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The Hindu (India)
January 10, 2003
U.S. steps up pressure on Russia
By Vladimir Radyuhin

MOSCOW JAN. 9. As tension around Iraq builds up, Russia appears to have become the target of a massive propaganda campaign designed to make it more compliant to the likely U.S. military operation against Baghdad. Propaganda pressure on Moscow combines both carrot and stick tactics.

On the one hand, the U.S. is tempting Russia with offers to buy Russian oil and cooperate in futuristic missile technologies and, on the other, Western media are trying to drive a wedge between Moscow and Baghdad. On Tuesday the U.S. Ambassador to Russia, Alexander Vershbow, said that Washington could make use of sophisticated Russian laser and other technologies for its missile shield.

``Given that Russia has tremendous scientific know-how and some experience with defensive systems, we think this could be a really serious partnership, which will benefit us both,'' Mr. Vershbow told the Interfax news agency. The U.S. diplomat did not make it a secret that his proposal pursued a clear propaganda goal. ``I am aware that there is certain amount of scepticism among the Russian military establishment as to how serious American intentions are,'' Interfax quoted Mr. Vershbow as saying.

"That is why I'd like to emphasise for the Russian military who would read this interview that we're are dead serious.'' Russian experts indeed suspect that the U.S. was anxious to get hold of Russian anti-missile secrets, but would be reluctant to share its high-end technologies. Also, the timing of the U.S. offer is suspicious: it was made a day before the U.N. weapon inspectors in Iraq were to present an interim report on their findings.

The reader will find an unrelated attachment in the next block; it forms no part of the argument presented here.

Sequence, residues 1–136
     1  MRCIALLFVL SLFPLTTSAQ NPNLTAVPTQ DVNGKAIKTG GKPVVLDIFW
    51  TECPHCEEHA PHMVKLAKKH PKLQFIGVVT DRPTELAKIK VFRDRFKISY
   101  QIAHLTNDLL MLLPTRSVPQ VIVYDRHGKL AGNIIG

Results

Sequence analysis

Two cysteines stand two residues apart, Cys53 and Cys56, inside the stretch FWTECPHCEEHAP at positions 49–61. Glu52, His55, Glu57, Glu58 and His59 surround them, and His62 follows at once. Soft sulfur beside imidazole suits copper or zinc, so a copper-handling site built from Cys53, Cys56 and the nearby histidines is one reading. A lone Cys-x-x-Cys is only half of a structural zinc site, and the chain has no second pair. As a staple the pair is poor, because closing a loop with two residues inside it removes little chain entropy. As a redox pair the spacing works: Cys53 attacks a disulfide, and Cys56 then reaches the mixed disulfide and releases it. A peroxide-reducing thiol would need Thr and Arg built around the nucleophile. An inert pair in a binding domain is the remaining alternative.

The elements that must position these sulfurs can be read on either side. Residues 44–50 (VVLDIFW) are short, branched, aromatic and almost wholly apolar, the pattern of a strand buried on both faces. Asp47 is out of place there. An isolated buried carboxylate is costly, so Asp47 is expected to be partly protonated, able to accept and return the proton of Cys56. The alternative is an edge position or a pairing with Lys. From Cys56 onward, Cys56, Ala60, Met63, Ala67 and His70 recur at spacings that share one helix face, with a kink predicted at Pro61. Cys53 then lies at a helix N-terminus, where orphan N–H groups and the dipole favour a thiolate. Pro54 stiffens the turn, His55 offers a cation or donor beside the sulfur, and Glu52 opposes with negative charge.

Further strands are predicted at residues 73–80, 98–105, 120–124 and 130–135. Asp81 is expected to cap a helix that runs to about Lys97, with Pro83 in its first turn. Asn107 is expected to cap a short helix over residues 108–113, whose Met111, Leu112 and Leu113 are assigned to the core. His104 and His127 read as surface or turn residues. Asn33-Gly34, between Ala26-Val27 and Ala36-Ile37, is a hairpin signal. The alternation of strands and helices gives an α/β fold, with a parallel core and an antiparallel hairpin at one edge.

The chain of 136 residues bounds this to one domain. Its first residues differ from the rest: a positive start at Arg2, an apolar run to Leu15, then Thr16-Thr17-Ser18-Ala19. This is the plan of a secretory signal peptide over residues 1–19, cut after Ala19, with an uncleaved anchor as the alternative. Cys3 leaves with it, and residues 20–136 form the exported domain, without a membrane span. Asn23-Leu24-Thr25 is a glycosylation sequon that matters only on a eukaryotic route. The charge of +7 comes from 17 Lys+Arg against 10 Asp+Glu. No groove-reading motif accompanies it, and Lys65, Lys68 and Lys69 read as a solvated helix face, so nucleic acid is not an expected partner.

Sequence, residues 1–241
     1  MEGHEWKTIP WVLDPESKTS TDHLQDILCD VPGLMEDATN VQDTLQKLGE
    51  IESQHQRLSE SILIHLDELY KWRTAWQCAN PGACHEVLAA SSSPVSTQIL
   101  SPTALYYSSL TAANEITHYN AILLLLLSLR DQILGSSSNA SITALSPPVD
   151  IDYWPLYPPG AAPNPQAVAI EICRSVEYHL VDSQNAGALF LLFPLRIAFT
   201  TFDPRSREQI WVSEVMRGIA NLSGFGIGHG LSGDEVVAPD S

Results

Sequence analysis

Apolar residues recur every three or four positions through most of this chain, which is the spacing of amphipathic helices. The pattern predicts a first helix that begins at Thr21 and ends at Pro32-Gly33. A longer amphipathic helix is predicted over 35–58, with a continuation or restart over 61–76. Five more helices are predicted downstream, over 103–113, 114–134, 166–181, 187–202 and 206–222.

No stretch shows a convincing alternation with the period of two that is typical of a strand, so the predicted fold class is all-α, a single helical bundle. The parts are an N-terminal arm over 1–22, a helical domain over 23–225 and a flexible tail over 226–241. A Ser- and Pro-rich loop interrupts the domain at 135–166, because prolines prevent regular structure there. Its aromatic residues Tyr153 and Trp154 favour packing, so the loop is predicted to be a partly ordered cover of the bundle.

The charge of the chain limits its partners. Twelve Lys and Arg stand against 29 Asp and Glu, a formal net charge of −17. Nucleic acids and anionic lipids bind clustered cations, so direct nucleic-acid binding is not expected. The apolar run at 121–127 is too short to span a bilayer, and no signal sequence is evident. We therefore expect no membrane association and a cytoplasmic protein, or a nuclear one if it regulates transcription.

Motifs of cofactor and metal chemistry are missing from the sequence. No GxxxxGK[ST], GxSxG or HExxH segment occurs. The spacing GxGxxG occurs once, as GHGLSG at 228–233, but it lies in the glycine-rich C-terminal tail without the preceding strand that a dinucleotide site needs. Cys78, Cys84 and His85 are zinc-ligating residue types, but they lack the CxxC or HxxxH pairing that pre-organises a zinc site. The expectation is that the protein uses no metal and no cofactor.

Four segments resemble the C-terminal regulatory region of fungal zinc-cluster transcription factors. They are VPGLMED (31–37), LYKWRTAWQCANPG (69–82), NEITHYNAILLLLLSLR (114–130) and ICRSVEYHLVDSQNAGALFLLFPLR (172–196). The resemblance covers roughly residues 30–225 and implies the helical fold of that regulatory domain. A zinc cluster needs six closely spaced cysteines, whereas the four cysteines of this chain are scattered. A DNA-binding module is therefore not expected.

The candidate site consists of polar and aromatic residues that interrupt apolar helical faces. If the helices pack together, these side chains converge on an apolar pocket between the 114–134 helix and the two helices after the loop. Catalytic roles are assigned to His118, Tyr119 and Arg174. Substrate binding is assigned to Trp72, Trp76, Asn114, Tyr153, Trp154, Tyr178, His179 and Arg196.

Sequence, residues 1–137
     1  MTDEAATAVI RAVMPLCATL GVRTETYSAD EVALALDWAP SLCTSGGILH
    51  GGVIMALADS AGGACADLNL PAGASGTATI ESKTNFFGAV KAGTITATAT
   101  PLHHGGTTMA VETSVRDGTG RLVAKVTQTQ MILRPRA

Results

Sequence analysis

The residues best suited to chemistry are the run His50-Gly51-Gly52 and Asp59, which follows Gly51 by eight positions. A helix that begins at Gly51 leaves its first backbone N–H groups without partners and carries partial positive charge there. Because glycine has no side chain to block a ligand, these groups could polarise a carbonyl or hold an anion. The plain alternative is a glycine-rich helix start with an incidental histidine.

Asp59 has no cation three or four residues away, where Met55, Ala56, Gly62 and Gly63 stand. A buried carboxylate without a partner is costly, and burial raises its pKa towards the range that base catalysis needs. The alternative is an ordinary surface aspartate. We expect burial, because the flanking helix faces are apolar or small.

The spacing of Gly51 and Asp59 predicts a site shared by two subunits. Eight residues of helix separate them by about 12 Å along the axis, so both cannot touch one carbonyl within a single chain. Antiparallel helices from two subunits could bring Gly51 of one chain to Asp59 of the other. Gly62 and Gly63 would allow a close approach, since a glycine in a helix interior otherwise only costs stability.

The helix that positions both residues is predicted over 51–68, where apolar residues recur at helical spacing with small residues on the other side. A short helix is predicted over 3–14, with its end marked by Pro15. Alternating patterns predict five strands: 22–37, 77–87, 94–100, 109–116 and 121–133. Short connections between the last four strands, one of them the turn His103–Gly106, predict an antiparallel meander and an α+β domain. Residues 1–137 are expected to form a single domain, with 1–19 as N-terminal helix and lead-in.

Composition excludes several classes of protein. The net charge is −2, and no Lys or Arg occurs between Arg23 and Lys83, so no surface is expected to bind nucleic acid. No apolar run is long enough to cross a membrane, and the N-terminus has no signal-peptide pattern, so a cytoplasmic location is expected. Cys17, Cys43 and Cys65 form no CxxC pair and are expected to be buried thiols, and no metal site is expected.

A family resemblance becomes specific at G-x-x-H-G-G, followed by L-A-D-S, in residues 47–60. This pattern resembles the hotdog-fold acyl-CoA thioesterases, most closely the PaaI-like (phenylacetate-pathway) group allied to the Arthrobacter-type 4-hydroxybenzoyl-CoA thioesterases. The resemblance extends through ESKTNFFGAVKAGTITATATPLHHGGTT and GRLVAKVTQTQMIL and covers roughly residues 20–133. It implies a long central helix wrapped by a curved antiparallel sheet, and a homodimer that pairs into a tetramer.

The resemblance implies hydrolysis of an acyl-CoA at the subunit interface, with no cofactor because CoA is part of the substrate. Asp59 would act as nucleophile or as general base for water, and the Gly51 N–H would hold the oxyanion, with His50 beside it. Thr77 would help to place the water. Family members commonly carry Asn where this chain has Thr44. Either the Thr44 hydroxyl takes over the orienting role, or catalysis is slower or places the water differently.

Russia maintains that so far no evidence has been produced to prove that Iraq has weapons of mass destruction. At the other end the American propaganda tactics is speculation about a U.S.-Russia nexus to remove Saddam Hussein without war. Reports of Russia cultivating Iraqi opposition have recently given way to suggestions that U.S. and Russian leaders are working on a peace plan that would have Mr. Hussein going into exile, possibly in Moscow. Interestingly, this plan was reported this week by the German Die Tageszeitung newspaper, which last month accused Russian companies of having sold missile and helicopter components to Baghdad in violation of the U.N. arms embargo.

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